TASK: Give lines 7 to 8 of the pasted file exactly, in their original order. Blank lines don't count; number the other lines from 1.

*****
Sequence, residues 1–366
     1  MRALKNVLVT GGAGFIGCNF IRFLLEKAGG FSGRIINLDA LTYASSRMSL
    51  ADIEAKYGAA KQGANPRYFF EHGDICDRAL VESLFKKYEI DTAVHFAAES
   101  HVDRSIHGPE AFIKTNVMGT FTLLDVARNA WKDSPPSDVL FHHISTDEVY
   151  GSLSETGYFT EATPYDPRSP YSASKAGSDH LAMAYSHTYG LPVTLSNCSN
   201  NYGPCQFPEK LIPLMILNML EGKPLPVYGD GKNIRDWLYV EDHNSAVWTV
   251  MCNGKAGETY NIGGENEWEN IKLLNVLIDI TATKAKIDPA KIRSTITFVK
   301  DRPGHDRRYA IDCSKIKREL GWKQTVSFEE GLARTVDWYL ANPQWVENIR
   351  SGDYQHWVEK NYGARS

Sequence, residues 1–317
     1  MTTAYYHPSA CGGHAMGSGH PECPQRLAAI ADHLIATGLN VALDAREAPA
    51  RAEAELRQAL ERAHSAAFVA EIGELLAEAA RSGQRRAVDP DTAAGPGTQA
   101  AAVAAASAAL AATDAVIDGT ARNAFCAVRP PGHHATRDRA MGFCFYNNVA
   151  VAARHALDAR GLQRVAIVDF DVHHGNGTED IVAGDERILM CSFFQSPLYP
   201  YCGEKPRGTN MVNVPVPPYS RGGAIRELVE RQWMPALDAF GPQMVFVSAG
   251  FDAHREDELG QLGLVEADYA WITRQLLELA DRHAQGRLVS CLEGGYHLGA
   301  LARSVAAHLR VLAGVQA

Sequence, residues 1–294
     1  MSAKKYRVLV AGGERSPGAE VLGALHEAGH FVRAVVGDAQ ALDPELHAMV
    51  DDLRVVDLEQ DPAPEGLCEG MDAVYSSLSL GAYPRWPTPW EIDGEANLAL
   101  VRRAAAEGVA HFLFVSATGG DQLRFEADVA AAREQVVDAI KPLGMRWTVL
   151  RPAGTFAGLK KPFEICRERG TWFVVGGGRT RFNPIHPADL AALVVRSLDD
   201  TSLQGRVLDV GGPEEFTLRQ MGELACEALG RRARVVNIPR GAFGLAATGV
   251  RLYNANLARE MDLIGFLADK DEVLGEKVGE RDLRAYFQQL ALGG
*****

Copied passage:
   251  MCNGKAGETY NIGGENEWEN IKLLNVLIDI TATKAKIDPA KIRSTITFVK
   301  DRPGHDRRYA IDCSKIKREL GWKQTVSFEE GLARTVDWYL ANPQWVENIR